Mystery of Saturn's Two-Faced Moon Solved

Mystery of Saturn's Two-Faced Moon Solved
This false-color mosaic shows the entire hemisphere of Iapetus acquired by Cassini. The transition region between the dark leading and bright trailing hemispheres is visible along the right side of the image. (Image credit: NASA/JPL/Space Science Institute)

Saturn'smoon Iapetus has virtually no gray. Rather, its features are all stark blackand white. The appearance has long puzzled astronomers.

Newdetailed images suggest sunlight is melting ice on one side of Iapetus, leavingthe moon's dark surface exposed, while the opposite half retains its reflectiveice-mixed shell.

Since themoon's discovery by Giovanni Domenico Cassini in 1671, Iapetus' appearance hasbaffled astronomers. The leading edge of Iapetus, which faces the direction ofits orbit, is black as asphalt, while its trailingside appears bright as snow. Iapetus is 907 miles (1,460 kilometers) wideand circles Saturn at a distance of about 2.2 million miles (3.6 millionkilometers).

High-resolutionimages of Iapetus acquired last month by the Cassini-Huygens spacecraft during itslow pass over the moon have uncovered telling details on its surface that maywell yield the reason for its strange brightand dark patterns.

?Whilethere are many details yet to be worked out, we think we now understand theessence of why Iapetus looks the way it does,? said Carolyn Porco, theleader of the imaging team at the Space Science Institute in Boulder, Colo.

The newobservations add support to a two-part explanation for Iapetus' appearance. First,as Iapetus treks around Saturn, itsleading edge scoops up a thin coating of dark material, which amplifiessunlight absorption.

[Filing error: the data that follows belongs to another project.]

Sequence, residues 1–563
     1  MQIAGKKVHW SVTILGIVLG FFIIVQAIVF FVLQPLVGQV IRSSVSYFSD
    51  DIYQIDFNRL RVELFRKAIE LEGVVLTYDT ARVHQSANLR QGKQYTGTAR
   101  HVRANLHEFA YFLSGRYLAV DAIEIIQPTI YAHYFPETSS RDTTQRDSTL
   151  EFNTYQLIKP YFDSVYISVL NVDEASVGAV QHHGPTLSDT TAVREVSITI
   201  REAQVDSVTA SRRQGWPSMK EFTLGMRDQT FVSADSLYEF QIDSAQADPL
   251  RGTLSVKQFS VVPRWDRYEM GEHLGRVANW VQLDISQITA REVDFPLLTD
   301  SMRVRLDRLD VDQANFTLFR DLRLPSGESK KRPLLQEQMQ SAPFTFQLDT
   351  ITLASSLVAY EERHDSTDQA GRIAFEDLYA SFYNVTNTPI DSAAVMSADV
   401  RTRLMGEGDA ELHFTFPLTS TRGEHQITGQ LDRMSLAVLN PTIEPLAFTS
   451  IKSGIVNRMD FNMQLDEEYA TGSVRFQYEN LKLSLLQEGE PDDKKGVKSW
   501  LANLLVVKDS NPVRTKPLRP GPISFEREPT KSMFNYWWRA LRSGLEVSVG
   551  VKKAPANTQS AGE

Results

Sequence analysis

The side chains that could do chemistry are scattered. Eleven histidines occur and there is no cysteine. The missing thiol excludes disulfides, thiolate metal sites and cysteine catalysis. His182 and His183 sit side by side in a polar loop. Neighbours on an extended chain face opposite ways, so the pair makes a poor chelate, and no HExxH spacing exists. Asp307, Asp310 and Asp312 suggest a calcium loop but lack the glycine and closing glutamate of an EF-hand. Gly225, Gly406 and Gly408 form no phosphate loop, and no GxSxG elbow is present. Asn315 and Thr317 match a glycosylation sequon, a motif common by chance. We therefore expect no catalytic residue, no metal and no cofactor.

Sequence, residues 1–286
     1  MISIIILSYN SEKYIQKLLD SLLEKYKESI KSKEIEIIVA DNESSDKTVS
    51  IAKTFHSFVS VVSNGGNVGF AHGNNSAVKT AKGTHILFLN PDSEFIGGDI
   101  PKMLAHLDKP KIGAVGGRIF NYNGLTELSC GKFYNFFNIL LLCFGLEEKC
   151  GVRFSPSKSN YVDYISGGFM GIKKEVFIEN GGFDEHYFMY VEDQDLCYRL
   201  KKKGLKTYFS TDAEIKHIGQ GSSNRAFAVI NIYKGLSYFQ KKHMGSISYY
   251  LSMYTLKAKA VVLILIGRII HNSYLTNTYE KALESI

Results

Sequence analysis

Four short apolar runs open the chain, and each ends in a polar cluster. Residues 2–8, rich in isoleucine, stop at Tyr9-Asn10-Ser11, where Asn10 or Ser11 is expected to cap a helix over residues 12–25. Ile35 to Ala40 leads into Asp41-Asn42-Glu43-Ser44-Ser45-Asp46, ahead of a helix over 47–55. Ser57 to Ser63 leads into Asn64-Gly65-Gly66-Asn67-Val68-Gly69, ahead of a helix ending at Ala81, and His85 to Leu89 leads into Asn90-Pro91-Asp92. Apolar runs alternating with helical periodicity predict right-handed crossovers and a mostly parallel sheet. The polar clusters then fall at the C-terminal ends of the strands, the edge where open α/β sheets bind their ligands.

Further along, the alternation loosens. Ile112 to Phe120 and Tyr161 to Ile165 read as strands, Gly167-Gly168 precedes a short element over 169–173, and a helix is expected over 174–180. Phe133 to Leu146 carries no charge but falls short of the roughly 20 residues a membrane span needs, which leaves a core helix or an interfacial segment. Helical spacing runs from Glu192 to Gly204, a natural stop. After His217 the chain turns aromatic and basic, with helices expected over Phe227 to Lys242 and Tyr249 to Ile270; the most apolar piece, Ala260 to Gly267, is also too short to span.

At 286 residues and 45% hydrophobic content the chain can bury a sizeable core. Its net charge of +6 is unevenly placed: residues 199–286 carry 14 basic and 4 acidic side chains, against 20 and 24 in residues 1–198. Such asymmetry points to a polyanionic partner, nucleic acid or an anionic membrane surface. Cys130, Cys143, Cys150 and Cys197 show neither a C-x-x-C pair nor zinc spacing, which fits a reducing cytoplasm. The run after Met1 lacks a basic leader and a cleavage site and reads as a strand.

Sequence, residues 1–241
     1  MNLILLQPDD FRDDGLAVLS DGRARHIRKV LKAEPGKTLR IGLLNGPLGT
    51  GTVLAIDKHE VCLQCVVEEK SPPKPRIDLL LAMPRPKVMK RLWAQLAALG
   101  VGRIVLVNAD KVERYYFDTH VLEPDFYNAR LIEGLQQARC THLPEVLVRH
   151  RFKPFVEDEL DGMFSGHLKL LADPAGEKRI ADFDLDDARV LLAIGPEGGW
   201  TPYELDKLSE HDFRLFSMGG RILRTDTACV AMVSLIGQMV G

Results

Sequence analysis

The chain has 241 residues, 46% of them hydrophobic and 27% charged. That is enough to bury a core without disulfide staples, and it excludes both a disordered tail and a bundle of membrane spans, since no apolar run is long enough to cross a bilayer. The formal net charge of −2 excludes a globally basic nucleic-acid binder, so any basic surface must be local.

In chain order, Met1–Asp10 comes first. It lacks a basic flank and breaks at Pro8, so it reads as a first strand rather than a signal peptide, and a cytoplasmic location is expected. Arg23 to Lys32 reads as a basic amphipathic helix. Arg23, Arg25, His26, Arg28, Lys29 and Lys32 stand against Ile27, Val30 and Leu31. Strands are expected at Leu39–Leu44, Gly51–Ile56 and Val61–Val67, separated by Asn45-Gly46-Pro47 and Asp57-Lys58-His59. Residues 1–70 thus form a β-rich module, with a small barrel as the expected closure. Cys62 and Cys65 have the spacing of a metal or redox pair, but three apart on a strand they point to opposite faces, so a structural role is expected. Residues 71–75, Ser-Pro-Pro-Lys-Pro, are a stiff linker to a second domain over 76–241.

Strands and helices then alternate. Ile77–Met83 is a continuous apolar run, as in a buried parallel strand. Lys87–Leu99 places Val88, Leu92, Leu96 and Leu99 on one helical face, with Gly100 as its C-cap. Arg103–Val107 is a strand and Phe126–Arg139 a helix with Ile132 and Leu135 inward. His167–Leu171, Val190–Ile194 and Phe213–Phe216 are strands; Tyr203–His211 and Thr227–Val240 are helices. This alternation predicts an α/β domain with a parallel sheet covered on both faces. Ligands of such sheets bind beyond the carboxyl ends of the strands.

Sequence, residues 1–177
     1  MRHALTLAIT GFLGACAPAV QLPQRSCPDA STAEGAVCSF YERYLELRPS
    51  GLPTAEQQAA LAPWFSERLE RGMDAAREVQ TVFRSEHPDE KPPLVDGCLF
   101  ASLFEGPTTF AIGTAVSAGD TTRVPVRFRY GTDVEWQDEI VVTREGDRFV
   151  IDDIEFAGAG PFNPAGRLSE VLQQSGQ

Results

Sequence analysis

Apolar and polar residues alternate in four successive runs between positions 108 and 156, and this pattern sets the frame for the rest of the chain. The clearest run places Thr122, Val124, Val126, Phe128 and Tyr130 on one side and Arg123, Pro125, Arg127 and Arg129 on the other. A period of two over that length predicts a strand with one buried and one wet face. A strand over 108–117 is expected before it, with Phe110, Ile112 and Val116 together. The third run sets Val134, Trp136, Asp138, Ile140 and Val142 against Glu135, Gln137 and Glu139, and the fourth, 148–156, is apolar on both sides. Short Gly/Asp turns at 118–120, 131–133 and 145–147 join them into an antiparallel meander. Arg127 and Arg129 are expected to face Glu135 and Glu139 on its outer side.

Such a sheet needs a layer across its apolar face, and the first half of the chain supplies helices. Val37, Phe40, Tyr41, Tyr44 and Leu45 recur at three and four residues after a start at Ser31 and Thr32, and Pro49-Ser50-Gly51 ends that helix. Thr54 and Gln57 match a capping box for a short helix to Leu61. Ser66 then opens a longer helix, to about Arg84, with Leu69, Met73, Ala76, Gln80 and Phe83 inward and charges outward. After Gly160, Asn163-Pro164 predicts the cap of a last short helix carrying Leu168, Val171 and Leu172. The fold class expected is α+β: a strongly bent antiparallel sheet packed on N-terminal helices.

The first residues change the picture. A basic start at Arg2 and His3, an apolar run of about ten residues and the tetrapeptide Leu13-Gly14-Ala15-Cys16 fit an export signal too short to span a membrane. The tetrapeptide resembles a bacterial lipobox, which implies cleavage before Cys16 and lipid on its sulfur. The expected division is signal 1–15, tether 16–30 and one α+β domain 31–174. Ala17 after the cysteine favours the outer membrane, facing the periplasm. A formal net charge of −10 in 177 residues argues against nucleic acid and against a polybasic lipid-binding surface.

?Dustymaterial spiraling in from outer moons hits Iapetus head-on and causes theforward-facing side of Iapetus to look different than the rest of themoon,? said Tilmann Denk, Cassini imaging scientist at the Free Universityin Germany.

Over time,as the black-ish surfaces warm, the rate of evaporation increases until finallyall the surface ice in that region melts away. Infrared observations from the Cassiniflyby confirm the dark dust material is approximately -230 degrees Fahrenheit (-146degrees Celsius)--warm enough for the release of water vapor from the ice.

The water vaporformed then condenses on the nearest cold spot, such as along polar regions andicy areas at lower latitudes on the trailing side of the moon. In that way, thedark material loses the mixed-in ice and gets even darker, while the brightmaterial accumulates more ice and gets brighter, in what the astronomers call arunaway process that leaves no gray area.

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Jeanna Bryner
Jeanna is the managing editor for LiveScience, a sister site to Before becoming managing editor, Jeanna served as a reporter for LiveScience and for about three years. Previously she was an assistant editor at Science World magazine. Jeanna has an English degree from Salisbury University, a Master's degree in biogeochemistry and environmental sciences from the University of Maryland, and a science journalism degree from New York University. To find out what her latest project is, you can follow Jeanna on Google+.